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i find that non-programmers take to non-procedural programming quite
easily. but that's the issue isn't it?
a programmer by definition is a control freak - you enjoy being able to
tell the computer exactly what to do and it does exactly what you told
it to do, step by painful step.
non-procedural programming is more like management - "computer, i want a
report that looks like this... try and get it done this afternoon.come
back and see me when it's ready." controlling, but not control - delegation.
it seems to me this is a very big leap for most programmers, but
managers don't even understand there's a problem...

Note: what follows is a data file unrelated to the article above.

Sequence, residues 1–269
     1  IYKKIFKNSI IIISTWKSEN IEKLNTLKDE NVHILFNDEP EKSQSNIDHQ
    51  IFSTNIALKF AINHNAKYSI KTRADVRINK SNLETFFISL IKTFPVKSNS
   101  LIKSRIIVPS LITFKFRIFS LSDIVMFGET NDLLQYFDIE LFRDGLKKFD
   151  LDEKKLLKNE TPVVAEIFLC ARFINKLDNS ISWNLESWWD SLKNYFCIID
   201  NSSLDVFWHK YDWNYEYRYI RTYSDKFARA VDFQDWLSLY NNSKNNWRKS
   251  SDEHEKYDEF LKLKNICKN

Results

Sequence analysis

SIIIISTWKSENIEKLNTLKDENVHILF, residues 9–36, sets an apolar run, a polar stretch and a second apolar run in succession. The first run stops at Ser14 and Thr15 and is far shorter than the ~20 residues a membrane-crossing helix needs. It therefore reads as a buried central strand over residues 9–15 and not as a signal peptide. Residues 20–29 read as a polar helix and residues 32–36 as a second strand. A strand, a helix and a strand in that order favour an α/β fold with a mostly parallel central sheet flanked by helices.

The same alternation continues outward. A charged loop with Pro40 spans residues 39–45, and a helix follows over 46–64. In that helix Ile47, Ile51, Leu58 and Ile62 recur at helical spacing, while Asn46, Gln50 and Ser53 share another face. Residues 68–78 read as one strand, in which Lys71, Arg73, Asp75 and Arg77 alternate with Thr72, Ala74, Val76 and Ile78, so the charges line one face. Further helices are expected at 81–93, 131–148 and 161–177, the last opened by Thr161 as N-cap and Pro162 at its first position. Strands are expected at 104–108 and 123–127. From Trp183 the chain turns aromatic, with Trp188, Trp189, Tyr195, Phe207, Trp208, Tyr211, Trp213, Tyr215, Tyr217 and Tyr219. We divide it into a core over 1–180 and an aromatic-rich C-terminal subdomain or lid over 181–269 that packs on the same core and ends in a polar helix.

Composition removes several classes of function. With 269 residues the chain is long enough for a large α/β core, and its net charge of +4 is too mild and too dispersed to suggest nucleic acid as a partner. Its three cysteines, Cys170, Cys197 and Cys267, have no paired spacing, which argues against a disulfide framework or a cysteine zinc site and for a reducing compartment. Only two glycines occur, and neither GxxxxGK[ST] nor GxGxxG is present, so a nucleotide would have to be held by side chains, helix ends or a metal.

ps personal preference - xslt
Michael Kay wrote:
>>"Tim Bray declared that to understand XSLT you must first reach up
>>with both hands and grab the two halves of your brain peeling each
>>back until you have successfully turned your brain completely inside
>>out ...Are we all masochists???!!!" "
>The same was true, in my personal experience, of understanding goto-less
>programming, relational calculus, and object-oriented programming. The fact
>that something is conceptually very different from the way you have
>programmed in the past is not, historically, a barrier to adoption, provided
>that those who have made the journey are prepared to tell the world that it
>Some people have reported that non-programmers, who still think that x=x+1
>looks like nonsense, find the concepts much easier.
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